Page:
Voter mood has Fenty quickly shifting gears on strategy

Mayor Adrian M. Fenty greets former teachers and principals of H.D. Woodson High School during a news conference to tout a huge construction project.
Mayor Adrian M. Fenty greets former teachers and principals of H.D. Woodson High School during a news conference to tout a huge construction project. (Marvin Joseph)
By Tim Craig and Nikita Stewart
Washington Post Staff Writers
Wednesday, September 1, 2010

Facing bleak poll results and rising pessimism about his chances of reelection, Mayor Adrian M. Fenty plans to rebuff advice that he try to win over only key groups of potential supporters and instead will use a strategy that worked for him in 2006: wooing voters across the city.

He will roll out the broad-appeal approach Wednesday when he meets his chief rival, D.C. Council Chairman Vincent C. Gray, for a one-on-one debate. The midday forum, which will be streamed live on The Washington Post's Web site and later broadcast, is one of Fenty's last opportunities to connect with large numbers of voters before the Sept. 14 Democratic primary.

For Fenty, who lagged Gray by 17 percentage points among likely voters in a Post poll published Sunday, tactics and tone are crucial. Although many of those polled said they were pleased with the direction of the city under his leadership, the mayor's popularity is suffering from perceptions that he is disconnected and aloof.

As Fenty has faltered, Gray has gained support from residents who feel disaffected or say they are turned off by the 39-year-old Fenty and believe that the 67-year-old city official is a more mature, stable leader who can work to bridge racial and neighborhood rivalries.

The mayor has tried to combat that perception through a combination of shoe-leather campaigning, force of personality and advertising, knocking on thousands of doors to meet voters and spending more than $1 million on television commercials. He has tried to build his campaign around the accomplishments of his hard-charging schools chancellor, Michelle A. Rhee, whom he credits with improving test scores.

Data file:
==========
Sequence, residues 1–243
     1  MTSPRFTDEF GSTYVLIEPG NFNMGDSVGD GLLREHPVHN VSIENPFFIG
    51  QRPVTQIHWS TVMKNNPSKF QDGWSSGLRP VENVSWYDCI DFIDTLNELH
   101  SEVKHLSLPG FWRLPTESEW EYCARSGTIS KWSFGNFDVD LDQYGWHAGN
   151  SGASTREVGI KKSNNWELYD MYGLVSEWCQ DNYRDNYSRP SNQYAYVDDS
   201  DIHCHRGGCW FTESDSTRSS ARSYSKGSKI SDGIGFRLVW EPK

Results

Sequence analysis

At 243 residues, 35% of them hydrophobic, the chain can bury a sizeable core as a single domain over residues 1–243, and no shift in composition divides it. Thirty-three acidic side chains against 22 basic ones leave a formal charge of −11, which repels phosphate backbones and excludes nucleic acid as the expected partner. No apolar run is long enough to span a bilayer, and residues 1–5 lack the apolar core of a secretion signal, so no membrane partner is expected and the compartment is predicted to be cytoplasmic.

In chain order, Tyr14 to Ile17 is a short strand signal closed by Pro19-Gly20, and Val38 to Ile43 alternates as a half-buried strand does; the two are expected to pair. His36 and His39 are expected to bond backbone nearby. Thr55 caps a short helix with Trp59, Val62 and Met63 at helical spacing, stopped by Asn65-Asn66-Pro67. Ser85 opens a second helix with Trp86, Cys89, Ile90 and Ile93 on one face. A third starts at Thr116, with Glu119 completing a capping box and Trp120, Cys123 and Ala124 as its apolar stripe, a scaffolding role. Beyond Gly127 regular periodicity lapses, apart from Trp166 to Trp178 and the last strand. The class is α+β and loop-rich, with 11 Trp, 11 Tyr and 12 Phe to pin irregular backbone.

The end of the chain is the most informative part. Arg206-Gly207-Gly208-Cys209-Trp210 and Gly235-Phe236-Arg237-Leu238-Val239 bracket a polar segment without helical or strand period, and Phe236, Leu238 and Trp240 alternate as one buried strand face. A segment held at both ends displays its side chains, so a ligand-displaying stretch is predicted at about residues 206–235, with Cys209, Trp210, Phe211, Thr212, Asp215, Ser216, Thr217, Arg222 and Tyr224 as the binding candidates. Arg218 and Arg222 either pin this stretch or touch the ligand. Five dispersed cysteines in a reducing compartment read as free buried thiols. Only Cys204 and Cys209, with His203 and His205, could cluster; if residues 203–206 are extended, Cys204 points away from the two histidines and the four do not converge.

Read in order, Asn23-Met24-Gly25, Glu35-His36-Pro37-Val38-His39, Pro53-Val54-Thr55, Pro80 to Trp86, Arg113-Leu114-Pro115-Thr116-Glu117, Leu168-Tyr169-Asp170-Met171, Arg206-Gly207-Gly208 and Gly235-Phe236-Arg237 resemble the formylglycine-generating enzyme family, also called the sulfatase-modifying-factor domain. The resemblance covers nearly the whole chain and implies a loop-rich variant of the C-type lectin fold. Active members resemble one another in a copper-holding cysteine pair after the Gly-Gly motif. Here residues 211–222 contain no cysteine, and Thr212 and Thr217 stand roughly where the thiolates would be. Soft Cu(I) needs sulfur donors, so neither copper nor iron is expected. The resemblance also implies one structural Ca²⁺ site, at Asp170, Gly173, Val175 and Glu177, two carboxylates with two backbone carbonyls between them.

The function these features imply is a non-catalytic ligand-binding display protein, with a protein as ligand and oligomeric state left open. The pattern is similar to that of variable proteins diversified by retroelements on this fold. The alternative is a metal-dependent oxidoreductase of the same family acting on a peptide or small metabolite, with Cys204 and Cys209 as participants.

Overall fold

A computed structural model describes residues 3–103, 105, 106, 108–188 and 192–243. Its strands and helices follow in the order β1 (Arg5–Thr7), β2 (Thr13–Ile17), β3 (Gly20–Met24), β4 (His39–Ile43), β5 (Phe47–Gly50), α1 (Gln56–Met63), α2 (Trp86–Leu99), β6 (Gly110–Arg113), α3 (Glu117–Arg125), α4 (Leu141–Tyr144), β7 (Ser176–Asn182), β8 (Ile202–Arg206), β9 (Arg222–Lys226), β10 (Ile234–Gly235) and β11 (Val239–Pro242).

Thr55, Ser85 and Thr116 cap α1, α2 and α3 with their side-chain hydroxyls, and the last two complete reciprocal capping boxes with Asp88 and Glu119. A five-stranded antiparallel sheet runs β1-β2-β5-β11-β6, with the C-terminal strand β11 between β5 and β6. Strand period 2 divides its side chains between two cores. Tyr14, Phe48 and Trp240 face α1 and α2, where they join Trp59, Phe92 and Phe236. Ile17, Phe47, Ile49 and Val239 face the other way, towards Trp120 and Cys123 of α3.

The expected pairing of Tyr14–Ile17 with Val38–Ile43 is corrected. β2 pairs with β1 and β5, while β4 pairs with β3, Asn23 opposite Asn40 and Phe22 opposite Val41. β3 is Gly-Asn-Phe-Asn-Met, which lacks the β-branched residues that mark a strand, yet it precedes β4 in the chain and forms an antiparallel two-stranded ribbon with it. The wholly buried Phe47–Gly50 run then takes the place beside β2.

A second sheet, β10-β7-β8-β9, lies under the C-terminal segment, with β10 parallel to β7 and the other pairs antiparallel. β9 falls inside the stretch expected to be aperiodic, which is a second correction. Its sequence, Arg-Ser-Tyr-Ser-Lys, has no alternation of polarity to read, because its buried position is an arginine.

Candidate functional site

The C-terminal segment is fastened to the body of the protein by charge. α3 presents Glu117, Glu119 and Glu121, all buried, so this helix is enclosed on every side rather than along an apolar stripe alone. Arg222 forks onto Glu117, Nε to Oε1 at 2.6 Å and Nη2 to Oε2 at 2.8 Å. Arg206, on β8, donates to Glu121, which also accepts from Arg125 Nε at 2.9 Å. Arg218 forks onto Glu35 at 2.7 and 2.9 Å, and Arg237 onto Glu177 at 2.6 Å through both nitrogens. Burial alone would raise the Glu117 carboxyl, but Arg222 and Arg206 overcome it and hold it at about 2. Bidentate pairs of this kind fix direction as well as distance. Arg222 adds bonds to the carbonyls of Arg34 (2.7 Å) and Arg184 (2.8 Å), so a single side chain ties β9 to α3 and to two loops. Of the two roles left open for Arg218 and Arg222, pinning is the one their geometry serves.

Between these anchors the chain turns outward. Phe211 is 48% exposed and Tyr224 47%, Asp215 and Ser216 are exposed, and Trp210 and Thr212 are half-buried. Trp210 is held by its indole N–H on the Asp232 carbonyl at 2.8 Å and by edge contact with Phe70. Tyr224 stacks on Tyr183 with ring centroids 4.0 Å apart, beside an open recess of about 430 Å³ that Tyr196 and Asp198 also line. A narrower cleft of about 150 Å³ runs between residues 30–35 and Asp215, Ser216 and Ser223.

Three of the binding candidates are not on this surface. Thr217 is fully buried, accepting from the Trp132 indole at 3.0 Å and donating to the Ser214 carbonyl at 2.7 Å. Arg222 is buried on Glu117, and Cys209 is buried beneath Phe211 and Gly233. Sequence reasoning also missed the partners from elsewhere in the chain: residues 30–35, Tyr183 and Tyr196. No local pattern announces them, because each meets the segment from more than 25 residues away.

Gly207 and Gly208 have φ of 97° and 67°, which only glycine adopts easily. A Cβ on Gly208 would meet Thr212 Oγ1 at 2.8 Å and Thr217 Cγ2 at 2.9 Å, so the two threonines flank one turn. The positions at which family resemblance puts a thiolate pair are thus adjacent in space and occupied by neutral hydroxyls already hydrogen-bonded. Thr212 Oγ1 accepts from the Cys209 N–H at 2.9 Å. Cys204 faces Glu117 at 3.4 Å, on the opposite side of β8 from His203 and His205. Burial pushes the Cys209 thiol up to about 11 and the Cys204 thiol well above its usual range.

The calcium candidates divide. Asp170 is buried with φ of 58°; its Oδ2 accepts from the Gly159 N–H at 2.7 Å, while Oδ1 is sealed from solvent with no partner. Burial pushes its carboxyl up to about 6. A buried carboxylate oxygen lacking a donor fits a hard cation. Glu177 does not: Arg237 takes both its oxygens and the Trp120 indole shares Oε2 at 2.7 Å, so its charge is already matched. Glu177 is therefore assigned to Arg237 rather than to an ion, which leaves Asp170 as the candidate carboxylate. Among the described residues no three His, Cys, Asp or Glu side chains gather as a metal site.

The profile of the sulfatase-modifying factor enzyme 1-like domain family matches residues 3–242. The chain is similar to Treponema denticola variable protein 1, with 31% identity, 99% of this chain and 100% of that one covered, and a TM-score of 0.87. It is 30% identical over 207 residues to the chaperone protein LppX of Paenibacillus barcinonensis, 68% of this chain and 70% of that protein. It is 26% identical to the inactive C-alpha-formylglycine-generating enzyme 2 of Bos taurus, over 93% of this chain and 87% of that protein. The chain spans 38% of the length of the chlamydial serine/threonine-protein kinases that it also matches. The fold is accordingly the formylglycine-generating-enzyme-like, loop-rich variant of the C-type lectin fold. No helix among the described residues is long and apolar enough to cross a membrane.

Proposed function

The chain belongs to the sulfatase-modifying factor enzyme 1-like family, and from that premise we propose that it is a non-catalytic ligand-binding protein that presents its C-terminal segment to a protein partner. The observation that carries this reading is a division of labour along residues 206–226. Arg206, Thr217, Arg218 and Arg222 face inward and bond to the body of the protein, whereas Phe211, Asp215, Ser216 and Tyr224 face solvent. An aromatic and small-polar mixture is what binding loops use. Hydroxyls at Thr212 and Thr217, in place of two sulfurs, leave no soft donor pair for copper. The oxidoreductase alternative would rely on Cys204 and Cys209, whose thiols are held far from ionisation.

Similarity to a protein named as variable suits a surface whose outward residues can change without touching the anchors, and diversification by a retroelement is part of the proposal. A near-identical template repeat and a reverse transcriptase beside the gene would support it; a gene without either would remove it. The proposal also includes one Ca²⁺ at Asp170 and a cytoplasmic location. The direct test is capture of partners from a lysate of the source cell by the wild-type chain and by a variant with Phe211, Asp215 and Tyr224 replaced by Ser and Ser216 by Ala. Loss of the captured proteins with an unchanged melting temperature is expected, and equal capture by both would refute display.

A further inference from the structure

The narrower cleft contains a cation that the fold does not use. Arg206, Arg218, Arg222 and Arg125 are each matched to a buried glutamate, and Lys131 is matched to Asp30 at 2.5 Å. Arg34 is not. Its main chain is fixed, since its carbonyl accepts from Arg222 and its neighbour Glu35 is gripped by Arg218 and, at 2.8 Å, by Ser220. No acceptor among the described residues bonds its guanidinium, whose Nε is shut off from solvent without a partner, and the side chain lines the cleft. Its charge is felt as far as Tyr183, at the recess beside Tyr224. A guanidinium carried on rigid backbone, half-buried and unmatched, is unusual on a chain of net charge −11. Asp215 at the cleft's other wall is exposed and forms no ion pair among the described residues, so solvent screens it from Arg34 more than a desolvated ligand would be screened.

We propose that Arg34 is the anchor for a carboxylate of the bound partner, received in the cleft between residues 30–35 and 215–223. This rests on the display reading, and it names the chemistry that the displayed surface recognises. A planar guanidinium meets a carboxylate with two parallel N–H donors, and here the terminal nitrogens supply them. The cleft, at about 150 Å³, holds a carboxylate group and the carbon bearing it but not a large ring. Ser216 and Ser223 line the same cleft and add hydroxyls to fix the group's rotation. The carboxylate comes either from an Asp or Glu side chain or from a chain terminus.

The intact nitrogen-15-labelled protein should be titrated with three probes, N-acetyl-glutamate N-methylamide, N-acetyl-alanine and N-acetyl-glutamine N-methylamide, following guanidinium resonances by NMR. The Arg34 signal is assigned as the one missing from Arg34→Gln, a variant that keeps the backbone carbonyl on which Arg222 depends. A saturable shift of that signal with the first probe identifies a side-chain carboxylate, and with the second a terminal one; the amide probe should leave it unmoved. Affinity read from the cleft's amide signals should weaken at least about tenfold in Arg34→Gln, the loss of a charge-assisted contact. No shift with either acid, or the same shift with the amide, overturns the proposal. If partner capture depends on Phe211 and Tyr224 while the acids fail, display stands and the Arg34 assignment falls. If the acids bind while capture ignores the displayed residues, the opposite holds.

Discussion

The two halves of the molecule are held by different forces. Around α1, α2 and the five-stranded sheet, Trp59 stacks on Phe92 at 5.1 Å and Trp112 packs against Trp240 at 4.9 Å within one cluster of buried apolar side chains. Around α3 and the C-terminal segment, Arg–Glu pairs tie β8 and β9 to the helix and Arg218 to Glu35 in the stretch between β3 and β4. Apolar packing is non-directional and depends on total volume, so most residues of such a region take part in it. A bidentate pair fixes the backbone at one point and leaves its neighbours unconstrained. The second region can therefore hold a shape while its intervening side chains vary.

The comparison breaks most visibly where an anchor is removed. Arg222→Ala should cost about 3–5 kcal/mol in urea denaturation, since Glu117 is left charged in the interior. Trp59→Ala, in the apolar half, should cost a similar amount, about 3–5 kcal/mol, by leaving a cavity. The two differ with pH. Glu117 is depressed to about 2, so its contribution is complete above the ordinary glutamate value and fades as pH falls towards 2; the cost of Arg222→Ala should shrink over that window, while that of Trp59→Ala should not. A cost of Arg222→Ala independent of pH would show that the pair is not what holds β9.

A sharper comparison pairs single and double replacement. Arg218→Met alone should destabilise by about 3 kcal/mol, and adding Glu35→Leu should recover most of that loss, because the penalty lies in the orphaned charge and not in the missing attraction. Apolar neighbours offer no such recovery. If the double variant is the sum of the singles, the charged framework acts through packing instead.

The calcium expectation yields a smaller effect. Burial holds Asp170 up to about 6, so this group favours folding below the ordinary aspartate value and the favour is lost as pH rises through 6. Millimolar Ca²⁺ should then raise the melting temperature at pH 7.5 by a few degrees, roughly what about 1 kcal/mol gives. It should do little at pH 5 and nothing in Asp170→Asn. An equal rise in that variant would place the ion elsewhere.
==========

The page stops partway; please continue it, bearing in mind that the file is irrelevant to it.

Yet his summer-long strategy hasn't worked. The Post's poll found that Rhee is hurting the mayor's campaign as much as she's helping it. Moreover, Fenty has struggled especially to win the support of black residents, who are expected to make up at least half of the primary electorate and who in the Post poll said they were overwhelmingly likely to support Gray.

Increasingly alarmed over the direction of the campaign, some of Fenty's friends and supporters have in recent days urged him to shift his strategy, perhaps embracing an approach that redoubles efforts to generate more enthusiasm among his base of support, in the white community and more affluent areas of the city. The Post poll showed that Fenty is struggling to win support from African Americans.

Many Fenty supporters are holding out hope that he has enough time to rebound if he sharpens his appeal.

"There is a lot of positive things about his record that can be brought to bear in a little more focused way," said Max Brown, a Fenty supporter who managed former mayor Anthony Williams's 1998 campaign. "The young people, who traditionally haven't turned out in big numbers - the mayor has to make sure those folks turn out and are receptive to his message."

Yet, Fenty said Tuesday that he intends to focus on a citywide campaign to win support in all neighborhoods, not just from specific voters in specific neighborhoods.

"I've never run a campaign like that," Fenty said. "Every vote is the same. . . . They all add up."

At the debate, Fenty plans to reach out to undecided voters by talking about his experiences as a public schools student and explore his human side by speaking about himself as a father. He also aims to challenge Gray's ethics and honesty, his advisers said.

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